'Garden of Eden' gave refuge to last men standing during ice age'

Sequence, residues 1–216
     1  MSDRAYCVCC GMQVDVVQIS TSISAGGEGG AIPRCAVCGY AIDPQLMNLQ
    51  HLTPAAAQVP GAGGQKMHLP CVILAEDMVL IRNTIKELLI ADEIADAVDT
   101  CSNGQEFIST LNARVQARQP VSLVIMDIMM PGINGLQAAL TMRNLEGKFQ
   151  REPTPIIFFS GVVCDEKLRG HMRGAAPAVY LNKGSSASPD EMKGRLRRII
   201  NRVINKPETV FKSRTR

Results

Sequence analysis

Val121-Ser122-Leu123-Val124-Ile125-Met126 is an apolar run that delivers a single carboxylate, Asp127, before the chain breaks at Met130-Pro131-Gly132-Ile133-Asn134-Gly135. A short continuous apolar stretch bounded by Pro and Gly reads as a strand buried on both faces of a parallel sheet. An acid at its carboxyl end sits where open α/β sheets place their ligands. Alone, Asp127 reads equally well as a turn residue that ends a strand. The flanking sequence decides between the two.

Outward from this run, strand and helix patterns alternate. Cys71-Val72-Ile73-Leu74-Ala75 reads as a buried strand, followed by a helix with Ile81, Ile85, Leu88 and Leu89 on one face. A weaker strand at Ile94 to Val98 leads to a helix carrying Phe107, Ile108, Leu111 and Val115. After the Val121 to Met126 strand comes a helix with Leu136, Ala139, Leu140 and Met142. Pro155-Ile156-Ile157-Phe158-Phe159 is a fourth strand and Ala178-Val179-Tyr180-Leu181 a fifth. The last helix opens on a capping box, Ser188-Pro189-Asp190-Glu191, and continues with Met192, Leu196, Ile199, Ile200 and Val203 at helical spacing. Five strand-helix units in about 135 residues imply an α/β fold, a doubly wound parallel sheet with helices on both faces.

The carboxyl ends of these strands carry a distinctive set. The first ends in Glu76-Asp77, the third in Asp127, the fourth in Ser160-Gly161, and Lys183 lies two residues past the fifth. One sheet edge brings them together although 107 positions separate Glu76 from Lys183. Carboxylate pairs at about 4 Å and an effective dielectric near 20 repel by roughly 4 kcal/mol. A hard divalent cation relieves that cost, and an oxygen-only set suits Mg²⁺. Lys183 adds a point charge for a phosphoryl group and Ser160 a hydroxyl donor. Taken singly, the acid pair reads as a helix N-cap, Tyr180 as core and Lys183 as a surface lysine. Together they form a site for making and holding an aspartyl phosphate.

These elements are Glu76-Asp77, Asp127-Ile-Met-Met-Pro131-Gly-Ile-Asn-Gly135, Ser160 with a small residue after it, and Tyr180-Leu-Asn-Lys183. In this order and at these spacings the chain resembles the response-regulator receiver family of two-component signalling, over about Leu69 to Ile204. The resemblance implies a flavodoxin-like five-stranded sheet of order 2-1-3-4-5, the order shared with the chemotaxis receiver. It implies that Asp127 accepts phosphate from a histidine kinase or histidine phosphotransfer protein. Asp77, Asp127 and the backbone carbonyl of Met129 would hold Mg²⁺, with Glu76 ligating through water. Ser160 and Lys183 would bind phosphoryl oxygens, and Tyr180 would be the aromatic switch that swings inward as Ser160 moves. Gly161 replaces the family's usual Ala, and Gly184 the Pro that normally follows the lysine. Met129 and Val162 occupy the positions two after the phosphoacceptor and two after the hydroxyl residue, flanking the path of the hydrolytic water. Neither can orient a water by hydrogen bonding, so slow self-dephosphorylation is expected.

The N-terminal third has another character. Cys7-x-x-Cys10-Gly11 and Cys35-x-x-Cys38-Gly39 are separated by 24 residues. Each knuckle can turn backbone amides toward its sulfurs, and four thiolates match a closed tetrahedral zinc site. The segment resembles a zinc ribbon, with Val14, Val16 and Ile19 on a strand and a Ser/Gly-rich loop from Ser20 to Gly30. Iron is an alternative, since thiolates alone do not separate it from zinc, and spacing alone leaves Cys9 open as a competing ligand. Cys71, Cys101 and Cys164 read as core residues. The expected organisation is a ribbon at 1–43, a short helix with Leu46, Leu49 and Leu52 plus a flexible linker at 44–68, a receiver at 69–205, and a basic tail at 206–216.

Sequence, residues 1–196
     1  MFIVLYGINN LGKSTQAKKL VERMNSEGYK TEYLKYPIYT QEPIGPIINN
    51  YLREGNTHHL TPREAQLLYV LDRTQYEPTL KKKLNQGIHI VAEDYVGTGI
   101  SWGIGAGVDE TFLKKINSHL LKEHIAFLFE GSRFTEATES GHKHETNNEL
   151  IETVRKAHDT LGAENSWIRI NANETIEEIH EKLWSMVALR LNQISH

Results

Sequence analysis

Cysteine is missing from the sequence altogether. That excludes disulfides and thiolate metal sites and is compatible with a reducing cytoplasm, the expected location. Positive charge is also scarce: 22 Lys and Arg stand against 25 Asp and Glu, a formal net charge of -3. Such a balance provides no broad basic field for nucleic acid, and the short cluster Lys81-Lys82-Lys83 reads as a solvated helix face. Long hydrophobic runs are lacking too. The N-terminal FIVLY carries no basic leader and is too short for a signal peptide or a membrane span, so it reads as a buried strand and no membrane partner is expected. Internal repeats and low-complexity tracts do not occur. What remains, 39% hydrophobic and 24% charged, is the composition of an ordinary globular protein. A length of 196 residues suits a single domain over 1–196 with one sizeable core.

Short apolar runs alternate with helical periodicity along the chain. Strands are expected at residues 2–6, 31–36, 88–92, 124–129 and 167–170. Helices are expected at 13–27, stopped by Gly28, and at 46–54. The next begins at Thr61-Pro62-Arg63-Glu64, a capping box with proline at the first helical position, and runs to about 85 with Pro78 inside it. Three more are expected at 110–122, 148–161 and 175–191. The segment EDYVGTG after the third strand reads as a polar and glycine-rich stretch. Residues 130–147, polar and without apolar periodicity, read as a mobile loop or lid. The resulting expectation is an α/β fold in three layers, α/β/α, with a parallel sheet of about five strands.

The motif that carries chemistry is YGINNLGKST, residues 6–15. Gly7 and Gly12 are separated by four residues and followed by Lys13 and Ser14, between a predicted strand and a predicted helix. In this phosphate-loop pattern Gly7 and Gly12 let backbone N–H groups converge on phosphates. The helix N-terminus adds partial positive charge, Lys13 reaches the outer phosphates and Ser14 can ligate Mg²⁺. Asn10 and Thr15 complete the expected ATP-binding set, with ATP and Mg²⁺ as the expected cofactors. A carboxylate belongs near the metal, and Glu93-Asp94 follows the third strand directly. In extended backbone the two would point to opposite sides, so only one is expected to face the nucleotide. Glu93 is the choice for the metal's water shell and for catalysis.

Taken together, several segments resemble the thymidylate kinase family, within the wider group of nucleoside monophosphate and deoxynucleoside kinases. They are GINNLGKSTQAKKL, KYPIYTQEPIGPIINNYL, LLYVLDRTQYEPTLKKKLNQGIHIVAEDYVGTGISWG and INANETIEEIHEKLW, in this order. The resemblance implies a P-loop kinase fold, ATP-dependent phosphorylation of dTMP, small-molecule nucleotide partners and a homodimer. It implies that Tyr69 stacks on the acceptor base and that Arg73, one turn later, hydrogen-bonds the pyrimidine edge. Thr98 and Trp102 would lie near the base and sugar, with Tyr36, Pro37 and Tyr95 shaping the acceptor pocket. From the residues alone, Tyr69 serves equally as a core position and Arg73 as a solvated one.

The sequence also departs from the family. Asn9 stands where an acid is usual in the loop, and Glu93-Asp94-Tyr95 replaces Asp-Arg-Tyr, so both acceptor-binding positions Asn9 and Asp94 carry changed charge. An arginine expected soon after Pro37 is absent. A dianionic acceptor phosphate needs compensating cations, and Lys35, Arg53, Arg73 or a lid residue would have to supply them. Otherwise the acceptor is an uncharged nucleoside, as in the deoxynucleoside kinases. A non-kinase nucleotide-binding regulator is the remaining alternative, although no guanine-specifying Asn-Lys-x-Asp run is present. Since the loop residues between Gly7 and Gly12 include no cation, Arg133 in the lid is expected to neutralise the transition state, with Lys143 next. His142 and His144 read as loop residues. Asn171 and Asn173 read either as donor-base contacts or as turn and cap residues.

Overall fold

MELBOURNE: A strip of land on Africa’s southern coast — nicknamed the Eden— became a last refuge for the band of early humans who survived an ice age that wiped out the species elsewhere, scientists claim. Researchers have found ochre and evidence of shellfish, which reveal the earliest dated evidence of modern humans at Pinnacle Point. Referred to by experts as "the garden of Eden", it may have been the only part of Africa to remain continuously habitable during the ice age that began about 195,000 years ago. The scientists have shown how a combination of rich vegetation and nutrient-laden currents in the sea created a source of food that could sustain early humans through devastating climate changes. "Shortly after Homo sapiens first evolved, the harsh climate conditions nearly extinguished our species," News.com.au quoted Curtis Marean of Arizona State University. "Recent finds suggest the small population that gave rise to humans alive today survived by exploiting a combination of resources along the southern coast of Africa," he said. Marean and his team argued the caves contain archaeological remains going back at least 164,000 years — and possibly even further back. The remains also showed that, irrespective of tough times seen by early humans in other places, inhabitants of Pinnacle Point were living in a land of plenty.